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I first got interested in engineering and technology 30 years ago when I was in 5th grade. My class had four Apple IIe computers, and my teacher taught us to program in Logo and BASIC. This was my first time using technology to create something and I loved it. In 6th grade, my teacher continued teaching me to program and took some of us to what would now be called a hackathon for kids at our local university. When I entered middle school, I chose to take computer programming again since it was something I was already familiar with and I didn’t want to take cooking. These experiences sparked an interest in me to pursue a technology career, and after high school I was on my way to MIT to study electrical engineering.

Unfortunately, my story is not so common for girls from Pacoima, a high-poverty, majority-Latino community in the Northeast San Fernando Valley of Los Angeles. While most focus on stats that label my community as disadvantaged and underserved, we do have an advantage when it comes to making. Pacoima is a community of makers. Growing up, I saw both men and women making things like their own furniture from scrap wood, toys for their kids, elaborate dresses for quinceañeras, and hacking and fixing electronic household devices.

After working as a hardware engineer, attending grad school at Harvard, and working in science and engineering education for 10 years, I decided to go back to my community last year and start a program for girls. I wanted to make explicit for girls the connection between making in their community and making with more advanced technology. To do this, I launched the DIY Girls after-school program for 5th grade girls at my former elementary school. The school offered me a dedicated classroom space, which ended up being my own 5th grade classroom! With help from volunteers, friends, and teachers, I converted the classroom into a makerspace, recruited our first cohort of participants, and was ready to get started.

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The DIY Girls program is designed to offer experiences that will attract young girls to technology, allow them to express themselves creativity, and give them more confidence in their technical abilities. We aim to have an effect on the girls as they enter adolescence and start to form career interests. We meet with 30 girls twice a week for two hours each session throughout the school year. Through hands-on making activities, girls in our program make real things like their own toys, wearable electronics, and video games. They learn technical skills including soldering, computer programming, basic electronics, and power tool usage. They then apply these skills creatively by designing their own projects and inventions.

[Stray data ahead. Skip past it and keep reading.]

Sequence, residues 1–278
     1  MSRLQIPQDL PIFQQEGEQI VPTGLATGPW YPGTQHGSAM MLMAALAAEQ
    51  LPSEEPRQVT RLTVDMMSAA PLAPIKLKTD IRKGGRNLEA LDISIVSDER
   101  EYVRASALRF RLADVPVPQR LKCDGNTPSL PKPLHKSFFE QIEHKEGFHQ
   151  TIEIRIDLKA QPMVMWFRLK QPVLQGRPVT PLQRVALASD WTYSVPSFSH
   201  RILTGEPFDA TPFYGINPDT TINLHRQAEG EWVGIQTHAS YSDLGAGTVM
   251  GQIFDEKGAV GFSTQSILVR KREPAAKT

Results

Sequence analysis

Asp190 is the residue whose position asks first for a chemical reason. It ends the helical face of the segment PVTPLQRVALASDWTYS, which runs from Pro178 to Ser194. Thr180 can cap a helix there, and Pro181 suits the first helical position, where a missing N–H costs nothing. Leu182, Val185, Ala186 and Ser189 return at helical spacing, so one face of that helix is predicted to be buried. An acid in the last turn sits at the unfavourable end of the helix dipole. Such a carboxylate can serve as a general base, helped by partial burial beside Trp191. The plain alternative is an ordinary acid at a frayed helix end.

We focus on these three areas:

  • Creative Electronics: Girls learn electronics though e-textiles and other creative materials like conductive paint. The goal is for girls to be creative while learning basic electronics. They also learn to solder, strip wire, build circuits on breadboards, and use multimeters.
  • Building and Tinkering: We teach girls to use tools needed to build things. Girls take things apart and learn appropriate ways to use the tools in addition to safety techniques. We aim to instill confidence through this session.
  • Product Design: Girls combine the skills developed throughout the year to design and create their own products. Girls use a 3D printer, MakeyMakey boards, and other materials to create a product. We culminate with a public showcase of the products for families and the community.

DIY Girls has been successful in creating a learning environment where girls can take risks, build confidence, and work on projects that attract them to technology. If a girl gets frustrated one day because her program or project didn’t work, she knows she will have the opportunity to try again when she returns to our space for the next session. Girls love that they’re learning real skills, and teachers and administrators have told us that they notice an increase in self-confidence in them.

We’re excited that the majority of girls want to continue working on making projects in middle school. Unfortunately, their middle schools are offering them technology classes where they learn to open and close windows and type documents. This is devastating for us and the reason we want to continue offering programs for our girls beyond 5th grade. We dream of teaching our girls more advanced skills like programming and creating projects with Arduino and Lilypad Arduino.

In addition to our vision of creating continuity for our girls, we want to expand to new schools. Word of mouth about our program has spread in the community and we get calls from schools that want us to offer the program at their school. This interest and demand inspired us to launch an Indiegogo campaign to raise funds so that we can expand our program and reach more girls! I invite you to learn more about our program, consider supporting us, and send us ideas on new projects for our girls.

Editor’s Note: We met Luz at World Maker Faire New York 2013, where she had travelled across the country to spread the word. Her passion and enthusiasm are contagious and we applaud Luz on her efforts!

Luz Rivas

Luz Rivas is Founder and Executive Director of DIY Girls. Ms. Rivas has experience in engineering, STEM curriculum development, program management, and educational research. Luz started her career as an electrical design engineer for Motorola. She has worked in informal science and engineering education for the last 10 years. She enjoys working on creative electronics projects and wants to get better at woodworking. Luz has a Bachelor of Science in Electrical Engineering from MIT and a Master’s in Technology in Education from the Harvard Graduate School of Education.


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